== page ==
|Adding an interpreted language to program firstname.lastname@example.org (me262) (2007-03-29)|
|Re: Adding an interpreted language to program email@example.com (me262) (2007-03-29)|
|Re: Adding an interpreted language to program firstname.lastname@example.org (Louis Krupp) (2007-03-30)|
|From:||Louis Krupp <email@example.com>|
|Date:||30 Mar 2007 23:06:11 -0400|
|Organization:||Posted via Supernews, http://www.supernews.com|
|Posted-Date:||30 Mar 2007 23:06:11 EDT|
> On Mar 28, 10:01 pm, "me262" <me2...@gmail.com> wrote:
>> I am facing a task of hooking up my program to an intepreted
>> language for front end. I know nothing about compiler theory. Is there
>> a step-by-step guide on how to do that?
>> I looked into some tools such and ANTLR and GOLD. Somehow, they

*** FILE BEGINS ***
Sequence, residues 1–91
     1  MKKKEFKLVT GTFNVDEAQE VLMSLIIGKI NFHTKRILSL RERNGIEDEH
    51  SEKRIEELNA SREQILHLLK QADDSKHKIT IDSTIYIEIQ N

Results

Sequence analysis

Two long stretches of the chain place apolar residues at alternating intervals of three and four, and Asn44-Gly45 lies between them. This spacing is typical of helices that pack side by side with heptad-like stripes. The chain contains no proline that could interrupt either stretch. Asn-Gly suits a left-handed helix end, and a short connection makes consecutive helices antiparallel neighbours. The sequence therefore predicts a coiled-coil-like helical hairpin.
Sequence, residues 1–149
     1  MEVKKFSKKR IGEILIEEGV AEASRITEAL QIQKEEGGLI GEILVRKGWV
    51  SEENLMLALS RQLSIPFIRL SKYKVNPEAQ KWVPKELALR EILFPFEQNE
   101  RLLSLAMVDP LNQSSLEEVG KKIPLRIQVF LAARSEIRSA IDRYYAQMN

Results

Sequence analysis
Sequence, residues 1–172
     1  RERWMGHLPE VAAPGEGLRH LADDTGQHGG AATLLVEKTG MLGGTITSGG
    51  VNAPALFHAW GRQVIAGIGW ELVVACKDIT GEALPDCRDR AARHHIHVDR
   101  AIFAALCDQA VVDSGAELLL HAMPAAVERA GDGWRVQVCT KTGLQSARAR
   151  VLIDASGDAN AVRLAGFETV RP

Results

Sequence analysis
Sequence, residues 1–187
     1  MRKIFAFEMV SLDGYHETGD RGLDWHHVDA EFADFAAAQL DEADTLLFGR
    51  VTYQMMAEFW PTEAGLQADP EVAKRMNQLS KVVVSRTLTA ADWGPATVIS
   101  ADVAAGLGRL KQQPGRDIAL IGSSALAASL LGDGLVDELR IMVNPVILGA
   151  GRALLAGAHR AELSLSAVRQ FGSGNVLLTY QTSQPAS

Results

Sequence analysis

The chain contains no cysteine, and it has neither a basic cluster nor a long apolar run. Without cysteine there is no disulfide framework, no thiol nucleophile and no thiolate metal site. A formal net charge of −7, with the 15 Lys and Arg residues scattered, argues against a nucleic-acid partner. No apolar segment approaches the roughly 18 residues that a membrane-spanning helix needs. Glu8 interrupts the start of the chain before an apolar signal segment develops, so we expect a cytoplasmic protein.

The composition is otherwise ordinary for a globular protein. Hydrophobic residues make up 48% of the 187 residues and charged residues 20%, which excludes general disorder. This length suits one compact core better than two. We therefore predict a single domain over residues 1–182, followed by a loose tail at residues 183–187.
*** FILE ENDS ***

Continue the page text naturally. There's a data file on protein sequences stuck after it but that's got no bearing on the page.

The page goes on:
>> would produce an AST. But how do I work it to do things that are
>> useful, for example, printing "Hello world: we saw a = 10?".
>> [This question comes up a lot, and the best advice is NOT to try to
>> write your own interpreter. There are plenty of interpreted languages
>> already such as TCL, Lua, and Python, any of which can be used to
>> drive your application. -John]
> Hi John,
> Thanks for the comment. I totally agree with what you said. But in
> our particular branch of engineering, there are thousands of scripts
> already written in an old interpretive language. As a new comer, we
> must be able to pop in CD, install and kick ass. We just can't ask
> customers to Pythonize first.
> [In that case, you'll have to reimplent your scripting language. Ugh.
> I'd suggest parsing into an AST or RPN, then interpret that, rather
> than trying to interpret directly from the parser. -John]
Depending on the interpretive language, you *might* be able to
translate a script on the fly to Lua or whatever, and then execute the
lkrupp *at* pssw *dot* com
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